What to do with weeds (Weed tea?)


#1

Does anyone make any type of compost tea with strictly weeds. Every time I pull weeds and make a giant pile and then throw it in the garbage I think to myself what a waste of nutrients. I have been looking into and watching videos regarding compost tea. I don’t really want to get all crazy about it and buy a bubbler or add molasses or even beer for that matter. I would just like to see if anyone has thrown weeds in a bucket with water and used the tea to water the vegetables with. Does it work? Is it worth it? How high of nitrogen content would it be? What would be the dilution ratio?
I have thought about adding the weeds to a compost pile but most of them go to seed before I can get to them. I am afraid the seeds will germinate and or stay alive in my compost pile. If I catch them early enough that is a good idea but if not it would be nice to know if this would actually work. Thus far I have just done research and Last night I went and bought a 20 gallon garbage can to try it with. I thought maybe I would just run it by you guys before doing so. If not I can always keep the 20 gallon garbage can and use it around the yard.


#2

My main nemesis is morning glory and I’d be afraid of it surviving and spreading cause it’s so hardy and prolific.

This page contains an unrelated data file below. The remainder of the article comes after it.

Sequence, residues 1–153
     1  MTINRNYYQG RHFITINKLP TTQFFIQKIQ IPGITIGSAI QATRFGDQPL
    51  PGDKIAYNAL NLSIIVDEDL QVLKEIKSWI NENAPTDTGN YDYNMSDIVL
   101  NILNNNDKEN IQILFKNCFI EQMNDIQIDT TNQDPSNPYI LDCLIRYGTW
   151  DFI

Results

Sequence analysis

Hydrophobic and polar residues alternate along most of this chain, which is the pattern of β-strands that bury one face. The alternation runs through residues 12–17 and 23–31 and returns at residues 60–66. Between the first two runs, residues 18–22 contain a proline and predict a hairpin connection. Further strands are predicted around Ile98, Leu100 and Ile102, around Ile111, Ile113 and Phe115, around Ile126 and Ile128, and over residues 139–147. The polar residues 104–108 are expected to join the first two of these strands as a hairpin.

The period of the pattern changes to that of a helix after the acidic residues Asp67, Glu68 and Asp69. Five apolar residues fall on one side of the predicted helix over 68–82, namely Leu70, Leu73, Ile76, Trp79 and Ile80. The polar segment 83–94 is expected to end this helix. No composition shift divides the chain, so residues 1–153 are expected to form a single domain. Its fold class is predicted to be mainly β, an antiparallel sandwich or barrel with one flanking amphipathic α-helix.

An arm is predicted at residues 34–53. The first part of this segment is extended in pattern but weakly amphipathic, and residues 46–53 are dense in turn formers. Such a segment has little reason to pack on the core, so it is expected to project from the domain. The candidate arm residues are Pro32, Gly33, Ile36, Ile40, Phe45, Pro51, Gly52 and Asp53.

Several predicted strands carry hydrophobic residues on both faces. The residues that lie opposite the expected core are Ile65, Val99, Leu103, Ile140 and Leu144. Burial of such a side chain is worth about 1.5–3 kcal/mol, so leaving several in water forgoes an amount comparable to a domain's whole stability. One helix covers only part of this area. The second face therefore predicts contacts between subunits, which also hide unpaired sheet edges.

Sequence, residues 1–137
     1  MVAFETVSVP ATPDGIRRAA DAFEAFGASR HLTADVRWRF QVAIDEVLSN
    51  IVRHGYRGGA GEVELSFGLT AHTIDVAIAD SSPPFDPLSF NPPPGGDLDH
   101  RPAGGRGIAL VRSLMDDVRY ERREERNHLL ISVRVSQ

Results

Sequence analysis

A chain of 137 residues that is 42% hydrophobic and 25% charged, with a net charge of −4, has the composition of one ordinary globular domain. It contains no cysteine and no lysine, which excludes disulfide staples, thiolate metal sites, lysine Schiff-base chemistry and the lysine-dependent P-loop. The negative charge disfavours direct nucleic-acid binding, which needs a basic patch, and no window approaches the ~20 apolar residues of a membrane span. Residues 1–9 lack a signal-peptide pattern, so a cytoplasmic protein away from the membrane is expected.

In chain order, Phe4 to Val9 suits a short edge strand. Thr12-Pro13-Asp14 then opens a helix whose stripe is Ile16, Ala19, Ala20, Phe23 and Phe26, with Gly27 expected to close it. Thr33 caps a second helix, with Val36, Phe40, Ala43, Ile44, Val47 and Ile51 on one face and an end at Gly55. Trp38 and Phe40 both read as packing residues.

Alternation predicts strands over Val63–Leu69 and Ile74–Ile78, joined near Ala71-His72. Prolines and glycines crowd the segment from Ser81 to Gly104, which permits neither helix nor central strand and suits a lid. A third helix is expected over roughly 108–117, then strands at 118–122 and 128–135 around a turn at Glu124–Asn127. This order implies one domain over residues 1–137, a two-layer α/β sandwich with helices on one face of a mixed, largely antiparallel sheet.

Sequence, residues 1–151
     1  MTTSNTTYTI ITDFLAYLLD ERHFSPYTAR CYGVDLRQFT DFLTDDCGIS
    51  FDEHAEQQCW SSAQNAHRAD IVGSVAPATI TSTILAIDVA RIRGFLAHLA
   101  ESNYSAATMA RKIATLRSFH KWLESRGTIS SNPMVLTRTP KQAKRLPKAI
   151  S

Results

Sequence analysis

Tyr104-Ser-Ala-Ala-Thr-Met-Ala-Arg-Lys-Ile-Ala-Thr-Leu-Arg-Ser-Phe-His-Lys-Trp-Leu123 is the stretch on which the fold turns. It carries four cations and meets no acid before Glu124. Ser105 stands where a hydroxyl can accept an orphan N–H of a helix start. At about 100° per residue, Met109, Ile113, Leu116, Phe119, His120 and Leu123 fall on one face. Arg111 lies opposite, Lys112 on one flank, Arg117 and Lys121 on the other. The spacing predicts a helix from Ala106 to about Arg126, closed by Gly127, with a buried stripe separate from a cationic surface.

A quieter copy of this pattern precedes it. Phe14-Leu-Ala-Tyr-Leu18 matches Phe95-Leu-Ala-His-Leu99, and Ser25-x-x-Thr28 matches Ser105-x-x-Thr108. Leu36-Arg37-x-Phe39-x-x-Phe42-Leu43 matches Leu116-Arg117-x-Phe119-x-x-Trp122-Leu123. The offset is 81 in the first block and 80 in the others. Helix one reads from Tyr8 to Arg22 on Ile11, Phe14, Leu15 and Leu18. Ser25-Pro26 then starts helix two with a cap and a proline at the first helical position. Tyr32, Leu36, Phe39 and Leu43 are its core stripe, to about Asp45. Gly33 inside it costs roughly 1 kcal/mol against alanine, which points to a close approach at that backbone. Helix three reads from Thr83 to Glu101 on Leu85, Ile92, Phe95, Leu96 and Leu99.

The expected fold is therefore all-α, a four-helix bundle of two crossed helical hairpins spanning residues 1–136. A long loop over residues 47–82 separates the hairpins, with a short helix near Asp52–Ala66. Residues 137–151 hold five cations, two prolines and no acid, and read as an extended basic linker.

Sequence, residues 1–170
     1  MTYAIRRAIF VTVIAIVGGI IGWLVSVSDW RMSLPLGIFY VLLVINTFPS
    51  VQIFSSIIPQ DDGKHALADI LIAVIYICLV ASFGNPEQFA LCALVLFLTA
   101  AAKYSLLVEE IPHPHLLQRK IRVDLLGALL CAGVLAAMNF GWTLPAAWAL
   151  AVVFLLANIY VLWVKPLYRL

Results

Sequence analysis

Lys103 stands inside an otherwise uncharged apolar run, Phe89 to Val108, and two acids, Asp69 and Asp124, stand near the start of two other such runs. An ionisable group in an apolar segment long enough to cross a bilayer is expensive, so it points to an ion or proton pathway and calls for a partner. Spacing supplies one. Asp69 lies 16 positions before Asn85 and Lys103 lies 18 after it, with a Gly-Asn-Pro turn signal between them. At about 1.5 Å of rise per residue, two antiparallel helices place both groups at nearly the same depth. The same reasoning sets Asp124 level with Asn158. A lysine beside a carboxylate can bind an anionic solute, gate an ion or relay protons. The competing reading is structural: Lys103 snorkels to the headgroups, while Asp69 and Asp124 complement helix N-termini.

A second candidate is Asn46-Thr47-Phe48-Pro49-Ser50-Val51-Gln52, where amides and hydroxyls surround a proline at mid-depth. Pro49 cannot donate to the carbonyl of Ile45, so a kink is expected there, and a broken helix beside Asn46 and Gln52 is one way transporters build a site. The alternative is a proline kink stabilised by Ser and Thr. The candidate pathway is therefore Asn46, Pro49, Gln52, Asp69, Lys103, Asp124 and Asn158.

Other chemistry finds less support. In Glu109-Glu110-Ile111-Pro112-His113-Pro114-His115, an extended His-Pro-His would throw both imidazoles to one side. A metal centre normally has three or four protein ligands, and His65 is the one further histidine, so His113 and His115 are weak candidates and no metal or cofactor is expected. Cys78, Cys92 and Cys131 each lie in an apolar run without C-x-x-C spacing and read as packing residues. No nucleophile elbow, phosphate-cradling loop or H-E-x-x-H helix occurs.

#3

Here we have greenery collection. All the trimmings and any weeds go into the green barrels. If you want compost just take a barrel to the greenery facility. If you want a truckload it’s $15 per cubic yard. Production facilities are regulated in CA so there’s no concern about it being under-cured.


#4

To extract nutrients you want to ferment the weeds, so no bubbler because it is an anaerobic process like pickling, it is called fermented plant extract, or fermented plant juice. It stinks to high heaven for a day when you use it, so be aware and don’t get it on yourself. Like most things on the internet, people are going to try and sell you stuff and make the whole process more complicated than it has to be. But you don’t really need to buy anything, using some whey from yogurt as a starter culture will improve your chances of success though. The nutrient content will depend on the type of weeds, it usually gets used at a 10-30% dilution.